"Genetic profiling" tests are performed on samples of solid tumors, bone marrow, or blood to identify the specific DNA alterations underlying a patient's cancer. More than a decade of research has enabled scientists to identify hundreds of genetic alterations that contribute to cancer – not only mutations, copy number changes, and structural rearrangements in the tumor genome, but also newer signatures like mismatch repair deficiency and mutational burden (the number of mutations within tumor cells). Many of these features indicate whether a cancer is likely to respond to specific treatments, including immunotherapy.
Non-tumor (Germline) Testing
In more recent years, Profile has expanded to include testing for inherited (germline) mutations that may indicate whether an individual and close relatives are at increased risk for certain cancers. This type of testing can also guide treatment in some cases. All patients are now eligible for tests that compare inherited mutations with mutations found in tumor cells. This information can be used to identify which genes are driving the cancer's growth.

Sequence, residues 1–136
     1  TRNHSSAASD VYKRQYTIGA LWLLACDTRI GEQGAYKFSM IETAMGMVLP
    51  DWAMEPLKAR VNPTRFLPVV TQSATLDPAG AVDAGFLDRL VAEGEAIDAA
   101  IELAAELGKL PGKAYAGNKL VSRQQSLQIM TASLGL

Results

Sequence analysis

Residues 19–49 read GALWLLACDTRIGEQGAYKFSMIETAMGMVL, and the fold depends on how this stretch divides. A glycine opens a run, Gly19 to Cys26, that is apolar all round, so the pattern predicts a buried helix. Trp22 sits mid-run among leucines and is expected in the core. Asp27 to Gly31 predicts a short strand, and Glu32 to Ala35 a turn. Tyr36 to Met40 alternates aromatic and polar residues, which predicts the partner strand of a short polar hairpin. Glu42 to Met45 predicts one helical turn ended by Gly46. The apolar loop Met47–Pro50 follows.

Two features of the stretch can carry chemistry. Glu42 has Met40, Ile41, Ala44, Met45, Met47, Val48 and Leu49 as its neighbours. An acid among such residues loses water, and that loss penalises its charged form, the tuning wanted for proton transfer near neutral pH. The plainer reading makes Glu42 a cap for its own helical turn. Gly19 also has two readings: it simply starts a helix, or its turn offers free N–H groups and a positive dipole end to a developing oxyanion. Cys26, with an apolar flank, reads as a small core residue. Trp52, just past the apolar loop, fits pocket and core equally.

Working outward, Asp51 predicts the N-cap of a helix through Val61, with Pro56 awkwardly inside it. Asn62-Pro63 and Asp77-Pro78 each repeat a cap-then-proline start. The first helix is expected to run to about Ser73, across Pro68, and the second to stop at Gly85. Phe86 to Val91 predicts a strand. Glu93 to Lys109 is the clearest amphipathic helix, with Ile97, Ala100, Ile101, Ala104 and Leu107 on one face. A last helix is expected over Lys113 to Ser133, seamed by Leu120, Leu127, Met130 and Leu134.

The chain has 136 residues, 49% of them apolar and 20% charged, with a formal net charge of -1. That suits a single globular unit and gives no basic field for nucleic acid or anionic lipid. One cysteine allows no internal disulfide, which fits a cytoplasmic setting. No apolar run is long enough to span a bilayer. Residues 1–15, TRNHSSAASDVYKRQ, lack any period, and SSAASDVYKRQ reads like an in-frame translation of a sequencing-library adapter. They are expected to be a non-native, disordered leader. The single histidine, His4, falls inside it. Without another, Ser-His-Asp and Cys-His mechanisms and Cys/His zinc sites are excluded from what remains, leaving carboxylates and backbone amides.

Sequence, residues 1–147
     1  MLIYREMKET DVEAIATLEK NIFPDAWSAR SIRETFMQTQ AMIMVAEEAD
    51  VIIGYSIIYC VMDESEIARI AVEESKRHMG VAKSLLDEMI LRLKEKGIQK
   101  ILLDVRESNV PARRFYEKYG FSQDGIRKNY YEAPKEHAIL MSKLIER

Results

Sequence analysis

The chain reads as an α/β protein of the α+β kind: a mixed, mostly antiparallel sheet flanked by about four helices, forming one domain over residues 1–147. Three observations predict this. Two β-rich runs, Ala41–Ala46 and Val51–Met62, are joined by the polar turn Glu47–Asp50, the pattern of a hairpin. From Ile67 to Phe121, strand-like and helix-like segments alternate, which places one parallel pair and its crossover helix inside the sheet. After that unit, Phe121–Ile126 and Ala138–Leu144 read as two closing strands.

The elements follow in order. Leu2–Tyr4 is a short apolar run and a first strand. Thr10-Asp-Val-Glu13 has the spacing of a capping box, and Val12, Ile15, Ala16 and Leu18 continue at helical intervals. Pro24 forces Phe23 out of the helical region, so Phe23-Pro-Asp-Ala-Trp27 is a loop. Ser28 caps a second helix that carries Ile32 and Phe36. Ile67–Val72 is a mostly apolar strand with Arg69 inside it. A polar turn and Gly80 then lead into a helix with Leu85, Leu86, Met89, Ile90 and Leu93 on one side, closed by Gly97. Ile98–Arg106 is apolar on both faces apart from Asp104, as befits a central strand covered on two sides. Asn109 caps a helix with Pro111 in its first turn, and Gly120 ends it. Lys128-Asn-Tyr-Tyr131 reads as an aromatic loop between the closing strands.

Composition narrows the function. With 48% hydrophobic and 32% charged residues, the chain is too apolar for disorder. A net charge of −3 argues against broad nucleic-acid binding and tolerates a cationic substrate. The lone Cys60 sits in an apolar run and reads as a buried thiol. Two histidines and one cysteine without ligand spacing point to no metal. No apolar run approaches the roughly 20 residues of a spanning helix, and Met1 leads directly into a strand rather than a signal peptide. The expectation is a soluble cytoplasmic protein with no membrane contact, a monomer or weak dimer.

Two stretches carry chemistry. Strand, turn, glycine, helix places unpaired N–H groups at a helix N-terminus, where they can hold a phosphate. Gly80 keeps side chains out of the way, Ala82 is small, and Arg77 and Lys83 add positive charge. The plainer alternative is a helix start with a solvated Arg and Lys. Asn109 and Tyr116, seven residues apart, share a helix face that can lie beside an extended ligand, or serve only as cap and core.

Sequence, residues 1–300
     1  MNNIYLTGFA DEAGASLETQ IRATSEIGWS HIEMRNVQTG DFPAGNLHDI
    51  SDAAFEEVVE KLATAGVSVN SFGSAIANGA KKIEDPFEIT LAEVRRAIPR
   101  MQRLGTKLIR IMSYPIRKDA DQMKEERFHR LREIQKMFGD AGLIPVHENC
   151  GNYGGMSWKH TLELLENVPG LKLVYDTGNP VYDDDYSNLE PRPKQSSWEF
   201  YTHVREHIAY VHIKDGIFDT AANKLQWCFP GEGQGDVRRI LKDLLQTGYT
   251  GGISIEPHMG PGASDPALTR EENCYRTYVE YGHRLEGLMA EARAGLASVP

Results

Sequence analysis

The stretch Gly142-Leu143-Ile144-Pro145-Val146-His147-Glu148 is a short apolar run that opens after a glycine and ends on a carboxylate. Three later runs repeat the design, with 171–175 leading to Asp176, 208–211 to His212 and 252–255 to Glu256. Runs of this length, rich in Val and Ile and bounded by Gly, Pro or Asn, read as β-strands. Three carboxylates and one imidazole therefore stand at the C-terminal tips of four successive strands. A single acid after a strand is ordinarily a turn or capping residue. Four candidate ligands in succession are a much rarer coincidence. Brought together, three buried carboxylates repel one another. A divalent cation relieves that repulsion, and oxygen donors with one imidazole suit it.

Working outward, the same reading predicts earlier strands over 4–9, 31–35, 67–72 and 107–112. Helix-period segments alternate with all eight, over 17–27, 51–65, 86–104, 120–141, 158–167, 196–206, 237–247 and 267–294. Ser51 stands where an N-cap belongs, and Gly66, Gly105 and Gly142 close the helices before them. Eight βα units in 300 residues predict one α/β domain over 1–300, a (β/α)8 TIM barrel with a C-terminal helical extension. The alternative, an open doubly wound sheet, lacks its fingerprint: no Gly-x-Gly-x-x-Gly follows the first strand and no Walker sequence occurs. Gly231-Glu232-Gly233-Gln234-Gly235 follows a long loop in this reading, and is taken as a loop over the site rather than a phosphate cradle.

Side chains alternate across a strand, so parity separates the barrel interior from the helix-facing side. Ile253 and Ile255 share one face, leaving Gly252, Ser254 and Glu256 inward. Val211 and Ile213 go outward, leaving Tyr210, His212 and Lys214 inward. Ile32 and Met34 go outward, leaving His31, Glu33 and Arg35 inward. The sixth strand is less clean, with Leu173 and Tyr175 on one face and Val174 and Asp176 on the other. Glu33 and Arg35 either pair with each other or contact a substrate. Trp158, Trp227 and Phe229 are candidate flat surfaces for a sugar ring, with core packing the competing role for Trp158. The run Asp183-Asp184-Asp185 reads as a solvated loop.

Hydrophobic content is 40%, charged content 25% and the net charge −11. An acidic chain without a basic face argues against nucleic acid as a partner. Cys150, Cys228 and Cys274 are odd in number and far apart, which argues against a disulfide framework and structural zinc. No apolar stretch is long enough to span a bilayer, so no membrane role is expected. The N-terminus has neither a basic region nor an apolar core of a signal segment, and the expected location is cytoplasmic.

A History of Genetic Discoveries
Profile is part of a broader goal at Dana-Farber to advance the field of targeted therapy for cancer. For well over a decade, our scientists and physicians have been at the forefront of efforts to identify potential therapeutic targets in tumor cells and develop and test drugs capable of disabling them. Institute researchers have made key discoveries regarding the role of the EGFR and ALK genes in lung cancer, as well as KRAS, BRAF, and PI3KCA in colorectal cancer – all of which are prime targets for therapy.
Our researchers are also exploring novel mechanisms to genomically profile very small amounts of tumor material, as well as less invasive ways to detect clinically important alterations ("liquid biopsies").
Read more about Profile and cancer genomics.